Then we can add other road users, trucks, cars and Moto's, pedestrians, farming machinery and livestock (buffalo, cow, goat and pig, duck and chickens). Wildlife too in some areas, I actually hit my second snake on my previous journey. Be aware of the unexpected, and never forget that all have the rights above yourself, that includes the small rural kid who can't even put their feet on the road ridding their Moto. The guy who has just pulled from the side street at bolt neck speed, no insurance or helmet, but downed 10 cans of my country beer at the local KTV looking for more fun. Also anything bigger than you has right of way, cars and trucks heading straightforward in your path, let's not forget that here people argue with the odd running train that didn't stop or move out of their way, before the collision of crossing the tracks. You are invisible to everyone and anything else on the road. Invisibility! But not if your involved in any incident, (this time their not running away) why, you shouldn't have been there anyway, not your fault says 100% you will pay for the privilege.
Why do we do it? The challenge, fun and excitement, open air and the pleasure. We all may have our personal reasons and likes for adventure.

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My ride a 2017 Honda MSX 125cc (Singapore) bought from shop new 2017 $1200 all documents in my name according to the law. Many posters said in the past it wouldn't last one year, the engine and brakes are same as new.
One thing the Chinese can't make or maintain is the front LCD's, but replacement strips and spotlight's are 10.000reil on most local market's and are hellish bright, when they give up just pop in another with a little dab of superglue (10-12 month lifespan). It's had a new battery, chain and sprockets, regular oil change, fuel in the tank for the many miles of enjoyment.

Happy ridding and safe journey to all members and posters :hattip:
Always "hope" but never "expect".
Mishmash
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Re: Motorbike Rental

Post by Mishmash »

Nice bike @AndyKK - $1200 was a steal - where did you buy it??

Riding is certainly a hair-raise on occasions.

Giving way is definitely the rule.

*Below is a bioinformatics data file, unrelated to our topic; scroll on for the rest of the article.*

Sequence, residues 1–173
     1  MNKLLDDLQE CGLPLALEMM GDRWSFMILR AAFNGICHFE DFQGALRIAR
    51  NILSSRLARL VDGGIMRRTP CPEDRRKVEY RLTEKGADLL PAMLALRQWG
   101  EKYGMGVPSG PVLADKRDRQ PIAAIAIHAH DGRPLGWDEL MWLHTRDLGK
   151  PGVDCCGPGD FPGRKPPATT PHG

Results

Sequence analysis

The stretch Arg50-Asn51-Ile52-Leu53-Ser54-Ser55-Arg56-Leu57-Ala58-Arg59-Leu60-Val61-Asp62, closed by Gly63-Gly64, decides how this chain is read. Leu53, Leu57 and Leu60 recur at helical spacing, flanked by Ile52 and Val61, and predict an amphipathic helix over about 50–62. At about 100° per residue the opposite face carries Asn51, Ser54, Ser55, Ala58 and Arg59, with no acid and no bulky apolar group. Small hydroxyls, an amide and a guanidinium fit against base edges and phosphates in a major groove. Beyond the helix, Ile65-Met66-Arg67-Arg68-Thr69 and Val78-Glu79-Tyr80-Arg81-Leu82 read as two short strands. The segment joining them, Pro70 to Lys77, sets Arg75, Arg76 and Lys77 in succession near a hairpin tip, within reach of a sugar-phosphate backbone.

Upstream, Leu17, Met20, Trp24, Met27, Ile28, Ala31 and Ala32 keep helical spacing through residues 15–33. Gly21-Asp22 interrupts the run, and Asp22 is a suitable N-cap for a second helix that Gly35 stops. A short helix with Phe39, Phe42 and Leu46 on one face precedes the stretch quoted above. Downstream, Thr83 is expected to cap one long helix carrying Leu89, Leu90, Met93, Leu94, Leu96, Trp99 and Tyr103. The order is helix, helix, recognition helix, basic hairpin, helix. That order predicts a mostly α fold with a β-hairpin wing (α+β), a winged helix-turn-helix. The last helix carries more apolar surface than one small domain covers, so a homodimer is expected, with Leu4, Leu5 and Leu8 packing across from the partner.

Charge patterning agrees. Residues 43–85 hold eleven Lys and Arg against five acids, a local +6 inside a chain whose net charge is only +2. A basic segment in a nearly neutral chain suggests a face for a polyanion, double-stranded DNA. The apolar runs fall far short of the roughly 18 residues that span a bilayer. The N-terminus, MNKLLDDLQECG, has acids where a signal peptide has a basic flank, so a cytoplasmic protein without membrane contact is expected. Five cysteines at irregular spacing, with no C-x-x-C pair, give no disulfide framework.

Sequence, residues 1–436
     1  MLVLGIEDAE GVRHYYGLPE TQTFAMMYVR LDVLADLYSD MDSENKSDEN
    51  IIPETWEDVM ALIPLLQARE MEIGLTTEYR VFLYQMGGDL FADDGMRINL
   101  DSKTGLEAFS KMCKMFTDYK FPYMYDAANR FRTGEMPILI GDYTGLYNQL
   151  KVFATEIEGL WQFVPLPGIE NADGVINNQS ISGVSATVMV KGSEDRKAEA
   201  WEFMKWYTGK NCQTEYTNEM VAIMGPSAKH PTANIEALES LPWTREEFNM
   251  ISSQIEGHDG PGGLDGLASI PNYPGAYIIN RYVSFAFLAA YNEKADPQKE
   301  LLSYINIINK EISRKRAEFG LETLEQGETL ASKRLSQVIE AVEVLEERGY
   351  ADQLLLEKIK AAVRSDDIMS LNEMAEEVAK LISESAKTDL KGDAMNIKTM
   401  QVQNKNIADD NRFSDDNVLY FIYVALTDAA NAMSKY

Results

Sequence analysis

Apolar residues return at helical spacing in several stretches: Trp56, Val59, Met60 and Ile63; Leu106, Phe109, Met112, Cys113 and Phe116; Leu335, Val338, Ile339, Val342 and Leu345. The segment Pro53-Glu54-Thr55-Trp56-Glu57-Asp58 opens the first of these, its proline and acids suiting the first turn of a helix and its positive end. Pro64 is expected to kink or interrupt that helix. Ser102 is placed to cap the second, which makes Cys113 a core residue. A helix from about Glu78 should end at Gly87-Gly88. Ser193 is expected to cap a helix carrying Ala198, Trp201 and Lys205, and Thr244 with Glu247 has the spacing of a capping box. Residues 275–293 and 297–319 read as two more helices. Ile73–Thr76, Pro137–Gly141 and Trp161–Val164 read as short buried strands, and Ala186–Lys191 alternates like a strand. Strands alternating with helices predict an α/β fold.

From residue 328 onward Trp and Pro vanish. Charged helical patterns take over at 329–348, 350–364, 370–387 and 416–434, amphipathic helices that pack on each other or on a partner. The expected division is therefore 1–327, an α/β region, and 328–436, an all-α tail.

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AndyKK
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Re: Motorbike Rental

Post by AndyKK »

Mishmash wrote: Wed Oct 09, 2019 12:56 pm Nice bike @AndyKK - $1200 was a steal - where did you buy it??

Riding is certainly a hair-raise on occasions.

Giving way is definitely the rule.
I agree totally with your statement, we are in no rush, why people around us drive and ride like lunatic's as they have to get there yesterday is beyond reason.
The answer to your question, Kampong Cham, I bought (two) not at the same time, but within a few months apart, the same shop and same year model and registration, both same price bracket $1150-$1250 on the road with plate, card and paper, registered with the police with your passport. I sold one of them last year (one year old) for $1000, that too was a very good bike.
I enjoy the ride on the bike, it's economical not only on fuel and oil, but also on parts. like I have said previously I changed the battery $20 and chain and sprockets $13 fitted. LCD's front lights had been the initial problem after about just short of two years, but again previous, a cheap fix. Tyres and brakes have plenty of life left. I have made one or two mod's also to suit, such as better fuel line (the originals seem to perish) a little to the electrics and a little cutting and replacement of the rear mudguard.
The small bike is nimble but very sure, and I use it daily for normal use. I tend to journey like you see in the other photo above, loaded with the two of us :beer1: Speed, is like you wrote of above around the 50kph on open country roads, but the bike has no problem hitting the 90+kph mark and is very nimble and flickable.
Sometimes yes! I would like something larger, I have had an array of bikes here from 250cc dirt bikes to 50cc scooters, riding on many journey from south to north. But to the question, I also think is there any need to change for my purpose, this has done fine up to date.

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The one that got away :facepalm:
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Always "hope" but never "expect".
Mishmash
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Re: Motorbike Rental

Post by Mishmash »

@AndyKK

Wow - I never knew you could get such a great deal - papers too.

Amazing..

The bikes look great and you kept them in excellent condition.

I know who to come to for a bike now - hope you're still here in December - when it's time for a Chrimbo prezzy to self.

I passapp mainly now as PP is chock-a-block and riding is no fun anymore. Dun even bother with the car as it's just gas and waiting at the 1km traffic light queues.

Glad you're having fun and living life.